In the film ‘Life in a Metro’ one of the character says “Sheher hame kitna deti hai, utna leti bhi hai” (The city gives us plenty and takes from us likewise), I find that to be very true. My stay in Chennai was bitter-sweet. I had a lot of opportunities and experiences but missed out on nature, relationships and God in the fast paced life of a city.
Now I live in Thanjavur, a relatively small town. I wake up to the beauty of nature around, at night I see so many constellations of stars, I also happened to see a shooting star for the first time in my life here. The roads are mostly empty and I can cross them with leisure. I travel by train daily to Trichy where I study M.A. English and on the way I see so many birds (wish I knew how to identify them) meet many folk on the train and share a conversation or two. Without the blaring sound of horns and the noise of crowds I’m able to find myself at peace with just me and my God. Now I realize that cities are a great place to hide and get lost in a crowd and feel ‘busy’, but if you want to know yourself go to a quiet place and have a meeting with yourself you’ll be surprised at what you find.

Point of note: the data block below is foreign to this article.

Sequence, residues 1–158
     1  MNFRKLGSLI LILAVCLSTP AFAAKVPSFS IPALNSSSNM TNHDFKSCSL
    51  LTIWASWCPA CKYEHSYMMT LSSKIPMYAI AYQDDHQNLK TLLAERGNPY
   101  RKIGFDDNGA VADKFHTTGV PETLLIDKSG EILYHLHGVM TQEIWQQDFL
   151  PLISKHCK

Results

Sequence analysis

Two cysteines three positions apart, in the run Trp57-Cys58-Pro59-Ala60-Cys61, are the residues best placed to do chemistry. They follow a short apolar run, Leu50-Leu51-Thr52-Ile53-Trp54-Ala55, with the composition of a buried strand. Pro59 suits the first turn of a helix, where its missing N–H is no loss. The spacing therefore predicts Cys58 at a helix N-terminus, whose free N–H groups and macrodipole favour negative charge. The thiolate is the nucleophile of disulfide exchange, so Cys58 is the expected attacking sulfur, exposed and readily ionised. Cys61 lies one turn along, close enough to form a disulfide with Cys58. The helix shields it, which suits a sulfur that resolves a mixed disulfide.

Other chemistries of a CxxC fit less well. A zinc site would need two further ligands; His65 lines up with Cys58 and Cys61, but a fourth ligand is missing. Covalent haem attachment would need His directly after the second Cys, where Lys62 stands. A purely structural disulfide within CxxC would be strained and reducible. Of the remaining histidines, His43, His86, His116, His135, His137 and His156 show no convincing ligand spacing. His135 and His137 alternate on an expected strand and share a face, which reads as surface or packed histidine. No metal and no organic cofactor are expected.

(Disclaimer: This is not a book review. Just some of my thoughts after reading it)
Recently I read a book, it was a 1913 English translation of a Russian novel written in 1868 and to surprise I found it very relevant and true of the experiences I’ve had. The book is ‘The Idiot’ by Fyodor Dostoevsky (Constance Garnett translation).
I have to admit it was a hard read, as I was (and still am) totally unaware of the culture, traditions and the social landscape of Russia during those days. What shone through the heavy dialogues and lengthy monologues and detailed scene descriptions was the characters; raw, vulnerable and flawed just as any character you would meet in the street. I’ve never been fascinated more with fictional characters and I don’t think I’ll ever be able to forget the characters I met in the book. One of the brilliant aspects I’ve found in ‘The Idiot’ is that Dostoevsky never judges his characters.